Saturday, December 28, 2019

Principles and Practice of Assessment - 8550 Words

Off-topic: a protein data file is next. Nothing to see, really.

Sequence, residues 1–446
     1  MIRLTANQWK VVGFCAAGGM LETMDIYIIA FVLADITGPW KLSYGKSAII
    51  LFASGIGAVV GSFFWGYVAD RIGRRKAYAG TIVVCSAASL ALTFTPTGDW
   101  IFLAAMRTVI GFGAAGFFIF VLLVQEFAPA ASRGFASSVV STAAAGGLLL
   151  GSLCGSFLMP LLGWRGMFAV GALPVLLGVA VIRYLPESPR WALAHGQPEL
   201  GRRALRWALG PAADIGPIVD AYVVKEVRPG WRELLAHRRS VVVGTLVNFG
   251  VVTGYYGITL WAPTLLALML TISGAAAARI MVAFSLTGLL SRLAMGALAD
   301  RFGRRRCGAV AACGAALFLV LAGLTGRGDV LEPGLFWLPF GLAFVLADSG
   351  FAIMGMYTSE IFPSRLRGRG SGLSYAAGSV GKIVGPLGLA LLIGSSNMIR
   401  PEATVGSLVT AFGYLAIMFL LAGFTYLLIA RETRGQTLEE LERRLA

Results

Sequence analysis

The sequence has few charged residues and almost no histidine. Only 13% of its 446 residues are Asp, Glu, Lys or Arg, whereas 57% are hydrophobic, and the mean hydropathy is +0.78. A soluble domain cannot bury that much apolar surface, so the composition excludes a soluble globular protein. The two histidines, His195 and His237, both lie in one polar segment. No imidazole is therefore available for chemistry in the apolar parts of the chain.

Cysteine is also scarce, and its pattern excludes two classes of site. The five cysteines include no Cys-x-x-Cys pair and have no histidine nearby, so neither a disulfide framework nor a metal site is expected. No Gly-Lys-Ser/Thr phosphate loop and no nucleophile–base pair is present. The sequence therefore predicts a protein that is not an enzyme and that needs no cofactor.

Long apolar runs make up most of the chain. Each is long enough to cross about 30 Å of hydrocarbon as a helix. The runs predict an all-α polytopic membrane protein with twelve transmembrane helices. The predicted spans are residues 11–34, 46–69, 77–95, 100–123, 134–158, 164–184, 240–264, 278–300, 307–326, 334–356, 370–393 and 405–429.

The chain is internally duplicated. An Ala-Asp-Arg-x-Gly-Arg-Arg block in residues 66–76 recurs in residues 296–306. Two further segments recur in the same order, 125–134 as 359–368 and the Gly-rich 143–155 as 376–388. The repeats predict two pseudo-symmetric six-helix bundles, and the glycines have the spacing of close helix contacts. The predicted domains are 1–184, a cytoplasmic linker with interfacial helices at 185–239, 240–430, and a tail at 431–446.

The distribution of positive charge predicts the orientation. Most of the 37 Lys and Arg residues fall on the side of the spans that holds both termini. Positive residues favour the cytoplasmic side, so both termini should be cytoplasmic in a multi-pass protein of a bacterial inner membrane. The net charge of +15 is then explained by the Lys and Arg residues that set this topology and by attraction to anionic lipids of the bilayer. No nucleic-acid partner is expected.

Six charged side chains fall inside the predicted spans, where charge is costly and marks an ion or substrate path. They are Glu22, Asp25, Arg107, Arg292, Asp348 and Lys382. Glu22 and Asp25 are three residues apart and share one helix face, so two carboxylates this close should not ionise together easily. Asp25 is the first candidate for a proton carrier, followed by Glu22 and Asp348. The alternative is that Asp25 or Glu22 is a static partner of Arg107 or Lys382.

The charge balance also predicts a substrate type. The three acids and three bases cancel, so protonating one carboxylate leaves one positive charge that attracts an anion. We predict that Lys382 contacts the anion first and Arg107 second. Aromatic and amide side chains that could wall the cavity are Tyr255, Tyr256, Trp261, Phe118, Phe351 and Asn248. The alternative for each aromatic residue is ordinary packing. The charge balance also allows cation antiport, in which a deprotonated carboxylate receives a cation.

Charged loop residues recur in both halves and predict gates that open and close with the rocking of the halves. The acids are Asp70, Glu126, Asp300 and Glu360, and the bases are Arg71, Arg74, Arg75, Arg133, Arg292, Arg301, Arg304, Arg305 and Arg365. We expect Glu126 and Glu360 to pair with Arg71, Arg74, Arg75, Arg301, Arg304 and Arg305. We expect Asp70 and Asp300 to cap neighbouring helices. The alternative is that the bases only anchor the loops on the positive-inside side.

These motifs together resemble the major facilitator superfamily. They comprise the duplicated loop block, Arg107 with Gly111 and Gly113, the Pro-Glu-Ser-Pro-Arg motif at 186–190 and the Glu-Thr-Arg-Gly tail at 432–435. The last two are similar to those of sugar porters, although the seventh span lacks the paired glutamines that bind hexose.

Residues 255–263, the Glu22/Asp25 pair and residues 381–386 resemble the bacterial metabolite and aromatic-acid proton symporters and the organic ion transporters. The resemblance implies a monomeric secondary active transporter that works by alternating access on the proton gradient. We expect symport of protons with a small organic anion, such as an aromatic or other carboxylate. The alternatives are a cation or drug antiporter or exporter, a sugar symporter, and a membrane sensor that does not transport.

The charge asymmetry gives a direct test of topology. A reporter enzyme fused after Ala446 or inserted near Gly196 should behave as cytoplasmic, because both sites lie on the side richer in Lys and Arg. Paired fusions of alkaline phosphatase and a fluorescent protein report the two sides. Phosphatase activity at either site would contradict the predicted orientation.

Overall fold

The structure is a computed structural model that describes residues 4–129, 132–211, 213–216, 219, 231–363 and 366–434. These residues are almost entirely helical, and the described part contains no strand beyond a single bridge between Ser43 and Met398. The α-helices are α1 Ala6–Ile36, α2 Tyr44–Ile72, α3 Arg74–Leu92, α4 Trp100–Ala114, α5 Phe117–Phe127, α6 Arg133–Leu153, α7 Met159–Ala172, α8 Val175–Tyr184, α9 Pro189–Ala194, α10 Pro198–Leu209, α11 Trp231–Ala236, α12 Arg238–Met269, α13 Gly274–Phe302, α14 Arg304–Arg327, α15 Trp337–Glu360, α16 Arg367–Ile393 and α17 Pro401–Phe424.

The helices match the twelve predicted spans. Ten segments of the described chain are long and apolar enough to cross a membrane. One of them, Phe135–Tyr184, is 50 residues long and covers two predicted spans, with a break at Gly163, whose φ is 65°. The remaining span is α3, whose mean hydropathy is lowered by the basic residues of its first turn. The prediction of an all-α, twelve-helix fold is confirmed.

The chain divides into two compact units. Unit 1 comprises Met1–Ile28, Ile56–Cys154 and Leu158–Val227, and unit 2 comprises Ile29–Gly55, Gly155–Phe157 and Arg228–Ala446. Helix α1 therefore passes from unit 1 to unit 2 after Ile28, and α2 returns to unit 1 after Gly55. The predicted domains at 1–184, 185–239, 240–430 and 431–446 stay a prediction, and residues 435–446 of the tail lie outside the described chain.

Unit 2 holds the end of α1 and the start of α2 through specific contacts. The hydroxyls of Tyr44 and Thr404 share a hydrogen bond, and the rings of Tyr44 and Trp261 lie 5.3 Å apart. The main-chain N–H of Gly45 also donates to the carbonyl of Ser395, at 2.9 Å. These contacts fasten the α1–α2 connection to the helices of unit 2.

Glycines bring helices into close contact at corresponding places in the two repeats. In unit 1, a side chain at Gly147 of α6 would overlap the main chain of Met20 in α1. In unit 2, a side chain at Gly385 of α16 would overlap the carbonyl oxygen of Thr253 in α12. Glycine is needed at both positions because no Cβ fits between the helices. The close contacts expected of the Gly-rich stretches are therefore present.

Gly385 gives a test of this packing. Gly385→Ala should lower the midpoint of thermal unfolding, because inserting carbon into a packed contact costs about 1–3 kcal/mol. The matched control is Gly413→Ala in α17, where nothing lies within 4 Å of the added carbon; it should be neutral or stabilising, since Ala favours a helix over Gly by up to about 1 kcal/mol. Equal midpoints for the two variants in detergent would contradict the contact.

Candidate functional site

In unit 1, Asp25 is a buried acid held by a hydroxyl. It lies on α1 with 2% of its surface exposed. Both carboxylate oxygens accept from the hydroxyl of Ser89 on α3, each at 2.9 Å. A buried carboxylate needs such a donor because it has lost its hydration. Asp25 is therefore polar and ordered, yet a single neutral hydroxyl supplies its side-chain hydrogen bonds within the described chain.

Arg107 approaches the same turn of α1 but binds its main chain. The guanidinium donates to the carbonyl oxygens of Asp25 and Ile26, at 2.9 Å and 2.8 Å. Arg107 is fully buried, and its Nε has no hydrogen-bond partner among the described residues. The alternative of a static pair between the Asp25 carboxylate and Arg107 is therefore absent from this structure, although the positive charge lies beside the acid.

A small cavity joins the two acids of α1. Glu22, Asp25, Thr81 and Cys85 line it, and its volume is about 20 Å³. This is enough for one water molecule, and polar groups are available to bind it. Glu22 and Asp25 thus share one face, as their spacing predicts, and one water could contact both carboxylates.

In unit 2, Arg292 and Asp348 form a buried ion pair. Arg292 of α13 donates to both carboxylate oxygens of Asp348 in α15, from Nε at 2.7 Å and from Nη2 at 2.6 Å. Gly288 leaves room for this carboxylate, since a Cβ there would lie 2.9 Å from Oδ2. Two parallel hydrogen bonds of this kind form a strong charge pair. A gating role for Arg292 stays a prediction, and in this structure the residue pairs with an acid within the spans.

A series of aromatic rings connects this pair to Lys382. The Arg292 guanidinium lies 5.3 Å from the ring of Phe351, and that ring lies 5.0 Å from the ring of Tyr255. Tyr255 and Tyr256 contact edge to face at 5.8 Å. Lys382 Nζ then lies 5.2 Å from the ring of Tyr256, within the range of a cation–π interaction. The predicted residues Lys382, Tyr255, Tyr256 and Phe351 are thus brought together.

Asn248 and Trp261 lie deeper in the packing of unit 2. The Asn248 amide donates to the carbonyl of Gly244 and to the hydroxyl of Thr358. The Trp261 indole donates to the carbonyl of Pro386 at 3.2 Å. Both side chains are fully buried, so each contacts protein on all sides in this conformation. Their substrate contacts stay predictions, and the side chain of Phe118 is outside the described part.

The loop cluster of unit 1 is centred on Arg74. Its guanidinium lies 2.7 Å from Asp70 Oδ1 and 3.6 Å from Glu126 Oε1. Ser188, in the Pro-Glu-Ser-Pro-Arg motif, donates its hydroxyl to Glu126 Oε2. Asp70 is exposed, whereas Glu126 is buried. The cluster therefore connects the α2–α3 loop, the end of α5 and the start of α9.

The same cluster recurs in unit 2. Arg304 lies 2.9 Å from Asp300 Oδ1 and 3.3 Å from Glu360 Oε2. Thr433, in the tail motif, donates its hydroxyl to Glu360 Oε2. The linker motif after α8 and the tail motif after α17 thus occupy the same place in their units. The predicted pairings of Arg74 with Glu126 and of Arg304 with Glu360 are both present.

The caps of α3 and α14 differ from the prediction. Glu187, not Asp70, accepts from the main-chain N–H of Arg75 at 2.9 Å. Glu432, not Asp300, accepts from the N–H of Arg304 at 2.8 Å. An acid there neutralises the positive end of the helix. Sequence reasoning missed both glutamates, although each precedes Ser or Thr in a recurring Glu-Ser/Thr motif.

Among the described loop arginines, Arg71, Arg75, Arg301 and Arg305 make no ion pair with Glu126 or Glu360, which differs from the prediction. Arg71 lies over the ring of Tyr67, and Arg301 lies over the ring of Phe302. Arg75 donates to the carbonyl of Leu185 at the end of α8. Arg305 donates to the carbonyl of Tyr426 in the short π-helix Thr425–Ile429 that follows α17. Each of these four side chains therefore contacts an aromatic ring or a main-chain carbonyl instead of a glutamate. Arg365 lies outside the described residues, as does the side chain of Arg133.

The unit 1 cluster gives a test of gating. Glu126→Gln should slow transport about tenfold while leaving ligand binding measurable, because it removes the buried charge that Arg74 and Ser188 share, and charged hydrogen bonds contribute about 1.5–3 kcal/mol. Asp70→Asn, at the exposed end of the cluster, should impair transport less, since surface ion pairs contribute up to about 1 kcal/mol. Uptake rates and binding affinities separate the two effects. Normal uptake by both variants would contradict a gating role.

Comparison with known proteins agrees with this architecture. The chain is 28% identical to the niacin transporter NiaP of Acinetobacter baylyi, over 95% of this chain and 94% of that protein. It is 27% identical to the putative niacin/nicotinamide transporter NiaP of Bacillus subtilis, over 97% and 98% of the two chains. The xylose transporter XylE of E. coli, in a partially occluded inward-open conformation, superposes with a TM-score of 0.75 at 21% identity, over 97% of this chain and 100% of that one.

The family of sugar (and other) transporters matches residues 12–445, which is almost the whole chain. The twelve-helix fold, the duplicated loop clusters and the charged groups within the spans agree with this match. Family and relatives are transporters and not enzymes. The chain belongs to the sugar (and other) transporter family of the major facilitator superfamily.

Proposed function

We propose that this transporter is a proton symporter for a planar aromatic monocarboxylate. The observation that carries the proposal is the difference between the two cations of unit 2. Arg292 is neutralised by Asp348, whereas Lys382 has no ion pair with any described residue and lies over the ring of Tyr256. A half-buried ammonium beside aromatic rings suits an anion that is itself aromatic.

7304 City and Guild CTLLS Certificate in Teaching in the Lifelong Learning Sector Unit 3: Principles and practice of assessment The topics I am researching are: Principles of assessment, different methods, strengths and limitations of these Peer and self-assessment How feedback and questioning contribute to the assessment process The types of assessment records which would be used to meet organizational and external requirements Rationale Part of my role as beauty tutor is to assess my students at one time or other. The assessment will be carry out to discover whether or not a student could perform a specific task in the beauty salon, or to judge if the student has mastered a new skill or the amount of theory or knowledge the†¦show more content†¦The reliability of an assessment in a perfect situation should produce the same results if marked by another tutor or if that examiner unknowingly receives the same paper again. If different marks are given the assessment is consequently unreliable and proves that this assessment is subjective. Subjectivity, as before linked with tutor’s personal opinions/ decisions. So the result could vary between work colleagues and the answer could be inaccurate as there are no definitive answers supplied. This is walking a fine wire as to the quality of the assessment, because the tutor’s answer not only depends on their opinion but also their history or relationship with that learner. This again makes this very unreliable and invalid. Objectivity is based around set criteria or answers which leaves no room for personal opinion. As a result this can be a reliable and valid method as it is measuring set criteria not personality. This will result in a pass or fail and gives no room for feedback so the tutor is unaware on what the learner failed on. For that reason the learner will keep making the same mistake over and over. Safe and fair relates to the learning environment being made safe and comfortable to help facilitate learning. This can also help with any confidential matters the learners have, which enables trust. This fulfils the learner’s basic needs according to Maslow’s theory. Power relationship refers to theShow MoreRelatedPrinciples and Practices of Assessment953 Words   |  4 PagesPrinciples and practices of assessment By Donna Fowler The aim of this assignment is to show my understanding of the types and methods of assessment used within lifelong learning the legal requirements of record keeping. 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